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After long discussions amongst Councillors the decision was made to rescind the original Compulsory Aquisition motion.

Councillors understood that the initial intention made to compulsory acquire the Pasadena site was due to the fact it had been a neglected, a run down eye sore for 10 years and as a key site in the area should not left derelict for years.

State Government funds had been supplied to pay for he site.

When public notification was made to compulsory aquire the site, renovations suddenly began in earnest.

Legal clarification was sought previously to find out whether the existing building certificate was still relevant to the current renovations.

As it stands now, with renovations almost complete and the site no longer looks derelict. Council was about to start negotiations with the owner in July and report back to Council before proceeding to aquisition stage and then a decision was to have been made whether to proceed with the aquisition.

As the urgency motion was made mid July, staff did not proceed with negotiations.

The process will now be to negotiate an offer to the owner, if accepted then do a Masterplan. If not accepted then it remains in the hands of the owner.


Northern Beaches Council will continue negotiations to acquire the Pasadena and if successful work with the community on the future use for the building and the surrounding lands.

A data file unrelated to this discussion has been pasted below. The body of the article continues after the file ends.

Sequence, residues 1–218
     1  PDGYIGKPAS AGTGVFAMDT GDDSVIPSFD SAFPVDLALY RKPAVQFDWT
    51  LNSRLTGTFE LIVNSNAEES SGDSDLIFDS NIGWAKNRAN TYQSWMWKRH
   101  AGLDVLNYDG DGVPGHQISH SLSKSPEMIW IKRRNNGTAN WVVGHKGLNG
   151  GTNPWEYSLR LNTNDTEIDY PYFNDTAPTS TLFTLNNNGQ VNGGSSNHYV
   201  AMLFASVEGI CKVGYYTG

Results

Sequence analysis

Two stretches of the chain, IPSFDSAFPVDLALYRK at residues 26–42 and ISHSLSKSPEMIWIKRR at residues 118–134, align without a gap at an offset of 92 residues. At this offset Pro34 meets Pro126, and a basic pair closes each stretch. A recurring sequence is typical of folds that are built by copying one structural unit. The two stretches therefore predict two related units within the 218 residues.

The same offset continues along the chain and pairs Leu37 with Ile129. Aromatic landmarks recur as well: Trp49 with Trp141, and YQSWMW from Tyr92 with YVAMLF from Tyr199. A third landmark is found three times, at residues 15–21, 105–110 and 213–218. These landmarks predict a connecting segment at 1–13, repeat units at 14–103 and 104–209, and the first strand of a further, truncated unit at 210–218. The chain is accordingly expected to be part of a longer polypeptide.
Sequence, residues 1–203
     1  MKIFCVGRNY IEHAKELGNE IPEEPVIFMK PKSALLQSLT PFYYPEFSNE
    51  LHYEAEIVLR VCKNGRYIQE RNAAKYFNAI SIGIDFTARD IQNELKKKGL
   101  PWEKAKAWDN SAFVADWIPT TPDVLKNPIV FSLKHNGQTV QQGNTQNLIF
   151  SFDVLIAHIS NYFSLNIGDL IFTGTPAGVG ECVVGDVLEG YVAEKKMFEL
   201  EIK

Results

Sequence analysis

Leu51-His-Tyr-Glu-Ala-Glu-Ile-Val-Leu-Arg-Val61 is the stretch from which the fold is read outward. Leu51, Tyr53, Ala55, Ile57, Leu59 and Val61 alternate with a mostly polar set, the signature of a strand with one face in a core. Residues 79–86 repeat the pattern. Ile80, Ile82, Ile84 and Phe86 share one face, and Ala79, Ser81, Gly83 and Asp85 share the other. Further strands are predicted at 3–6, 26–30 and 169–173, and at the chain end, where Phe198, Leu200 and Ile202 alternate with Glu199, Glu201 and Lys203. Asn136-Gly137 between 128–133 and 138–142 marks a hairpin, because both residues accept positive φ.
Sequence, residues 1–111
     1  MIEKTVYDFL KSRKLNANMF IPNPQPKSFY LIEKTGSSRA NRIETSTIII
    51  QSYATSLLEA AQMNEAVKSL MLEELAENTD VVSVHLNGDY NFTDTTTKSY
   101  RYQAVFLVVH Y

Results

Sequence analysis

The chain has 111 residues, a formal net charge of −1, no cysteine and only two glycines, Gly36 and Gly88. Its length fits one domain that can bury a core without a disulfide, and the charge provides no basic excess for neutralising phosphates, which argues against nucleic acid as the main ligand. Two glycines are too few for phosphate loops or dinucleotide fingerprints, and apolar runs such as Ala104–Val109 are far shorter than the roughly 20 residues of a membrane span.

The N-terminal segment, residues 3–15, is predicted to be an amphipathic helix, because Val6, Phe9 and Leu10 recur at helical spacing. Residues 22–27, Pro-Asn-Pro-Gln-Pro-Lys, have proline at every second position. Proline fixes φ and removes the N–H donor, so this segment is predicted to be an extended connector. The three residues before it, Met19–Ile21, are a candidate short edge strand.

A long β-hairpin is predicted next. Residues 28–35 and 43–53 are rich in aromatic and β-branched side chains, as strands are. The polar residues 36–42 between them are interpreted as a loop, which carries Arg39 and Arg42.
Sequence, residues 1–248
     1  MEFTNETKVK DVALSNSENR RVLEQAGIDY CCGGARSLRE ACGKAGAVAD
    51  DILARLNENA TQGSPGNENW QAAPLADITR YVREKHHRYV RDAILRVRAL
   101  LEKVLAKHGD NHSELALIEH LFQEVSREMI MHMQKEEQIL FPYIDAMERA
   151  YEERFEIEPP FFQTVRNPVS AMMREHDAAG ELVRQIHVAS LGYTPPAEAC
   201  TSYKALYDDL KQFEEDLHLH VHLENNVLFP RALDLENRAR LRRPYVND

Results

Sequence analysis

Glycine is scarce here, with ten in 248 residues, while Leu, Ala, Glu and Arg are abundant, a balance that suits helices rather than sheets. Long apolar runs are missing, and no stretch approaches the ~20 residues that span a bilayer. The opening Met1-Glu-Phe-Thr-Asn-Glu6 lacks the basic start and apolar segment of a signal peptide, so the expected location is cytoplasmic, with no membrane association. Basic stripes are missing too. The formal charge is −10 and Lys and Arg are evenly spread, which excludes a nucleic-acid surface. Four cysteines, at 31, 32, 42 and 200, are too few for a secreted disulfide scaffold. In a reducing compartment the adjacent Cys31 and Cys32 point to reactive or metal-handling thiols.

At an Extraordinary Council Meeting last night, Council rescinded the original motion to compulsorily acquire the Pasadena and resolved to instead continue voluntary negotiations with the owner.

Mayor Michael Regan said this was a good outcome for the community.

“Removing the requirement for compulsory acquisition reduces the risk to Council and our ratepayers and gives us more flexibility to negotiate in good faith with the owner,” said Mayor Regan.

“Should we be successful in acquiring the property, we have always said that we will work with the community to develop a masterplan for the site which could include a lease arrangement for the building with restricted operating hours or other community uses.

“We could also look to change the zoning to prevent any further development of the site.”

Mayor Regan said the Pasadena occupied a unique place in the history of Church Point.

“We know many in the community have a connection to Pasadena given the number of special events and weddings it has hosted over the years.

“The reason Council is involved is because it was left to run down for many, many years, creating an eyesore at one of our most picturesque locations. The community demanded we act to return it to public ownership and the State Government stepped in to provide the funding to acquire it.

“Now the building is on its way to being revitalised, there are many people who want to see it succeed.

“Whatever the end result of the negotiations we still need to balance the needs of our residents, both on and offshore, who don’t want to continue to fight for the limited parking available.”

The following was voted through unanimously.

Final Motion

#PittwaterWard #Infrastructure

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